Mislabeled Food Products Risk Allergic Reaction

About 80 percent of all food products are regulated by the Food and Drug Administration (FDA). The U.S. Department of Agriculture (USDA) regulates meat, poultry and egg products. Both agencies have regulations governing food production, labeling and recalls.

Rarely does a week go by without reports of a food recall. The number of annual recalls has more than quadrupled since 2006 when there were 154 food product recalls. In 2016, there were 650 food recalls, 540 of which fell under FDA jurisdiction and 110 under the USDA.

One issue that can lead to a recall is “mislabeling.” Mislabeling occurs when a food product’s label does not accurately reflect its ingredients. A common reason for a recall is improper identification of allergens. There are more than 160 foods that can cause allergic reactions in people with food allergies. The FDA recognizes the eight most common allergenic foods, which account for 90 percent of allergic reactions to food. Those are milk, eggs, fish, crustacean shellfish, tree nuts, peanuts, wheat and soybeans. These eight foods and any ingredient that contains protein derived from one or more of them are designated “major food allergens” by the Food Allergen Labeling and Consumer Protection Act of 2004 (FALCPA) and require specific labeling.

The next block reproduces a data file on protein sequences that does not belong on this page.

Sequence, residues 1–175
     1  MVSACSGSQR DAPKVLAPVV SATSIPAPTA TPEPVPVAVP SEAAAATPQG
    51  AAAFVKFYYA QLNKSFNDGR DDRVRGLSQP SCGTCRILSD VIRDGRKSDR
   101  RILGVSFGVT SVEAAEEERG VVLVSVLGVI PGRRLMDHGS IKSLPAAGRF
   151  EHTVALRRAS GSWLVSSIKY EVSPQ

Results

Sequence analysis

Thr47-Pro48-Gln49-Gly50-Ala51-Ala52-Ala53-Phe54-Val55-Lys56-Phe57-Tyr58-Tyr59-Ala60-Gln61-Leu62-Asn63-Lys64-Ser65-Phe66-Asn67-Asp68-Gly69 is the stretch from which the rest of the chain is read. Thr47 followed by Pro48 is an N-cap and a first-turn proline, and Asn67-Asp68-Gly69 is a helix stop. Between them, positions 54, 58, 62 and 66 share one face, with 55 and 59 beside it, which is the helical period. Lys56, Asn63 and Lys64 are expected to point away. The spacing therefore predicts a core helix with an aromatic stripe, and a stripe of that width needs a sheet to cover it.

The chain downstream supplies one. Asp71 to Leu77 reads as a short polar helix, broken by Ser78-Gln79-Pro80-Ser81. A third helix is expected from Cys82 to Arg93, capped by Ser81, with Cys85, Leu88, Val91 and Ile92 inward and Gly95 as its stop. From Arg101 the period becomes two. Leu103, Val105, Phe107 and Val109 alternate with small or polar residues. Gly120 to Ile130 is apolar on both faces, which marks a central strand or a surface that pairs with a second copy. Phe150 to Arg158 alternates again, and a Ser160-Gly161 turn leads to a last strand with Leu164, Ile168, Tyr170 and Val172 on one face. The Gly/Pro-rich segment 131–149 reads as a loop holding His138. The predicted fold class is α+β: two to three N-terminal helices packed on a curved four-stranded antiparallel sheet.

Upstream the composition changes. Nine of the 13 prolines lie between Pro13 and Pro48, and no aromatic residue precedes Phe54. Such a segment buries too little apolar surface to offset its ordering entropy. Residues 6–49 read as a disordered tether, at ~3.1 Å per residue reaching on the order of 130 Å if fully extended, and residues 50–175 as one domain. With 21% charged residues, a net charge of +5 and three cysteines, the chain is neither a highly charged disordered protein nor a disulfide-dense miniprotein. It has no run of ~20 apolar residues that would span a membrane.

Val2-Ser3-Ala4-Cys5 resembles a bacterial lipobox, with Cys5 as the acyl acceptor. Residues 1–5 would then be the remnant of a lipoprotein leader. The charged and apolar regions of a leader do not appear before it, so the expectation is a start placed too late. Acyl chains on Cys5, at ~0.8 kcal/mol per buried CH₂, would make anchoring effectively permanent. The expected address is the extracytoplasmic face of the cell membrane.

If a product is not properly labeled, the consequences could be life-threatening. A person with severe food allergies could experience anaphylaxis, which could lead to constricted airways, severe lowering of blood pressure and suffocation by swelling of the throat. Sometimes symptoms start out mild and can become more serious in a very short time. Allergic reactions can include hives, flushed skin or rash; a tingling or itchy sensation in the mouth, face and tongue; lip swelling; vomiting and/or diarrhea; abdominal cramps; coughing or wheezing; dizziness and/or lightheadedness; swelling of the throat and vocal cords; difficulty breathing; and loss of consciousness.

Many instances of mislabeling are caused by cross-contamination, which occurs when an allergenic or undesired product comes into contact with the product but is not listed on the label. Food product producers, manufacturers and distributors must take care to accurately label their products that contain allergens and to prevent cross-contamination. If contamination is discovered, a recall is likely on the horizon. It is imperative to notify the FDA, USDA and consumers promptly to prevent injury and contain the problem.

The FDA and the USDA have helpful guidelines and reporting links on their websites. For more information, see https://www.fda.gov/Food and https://www.fsis.usda.gov.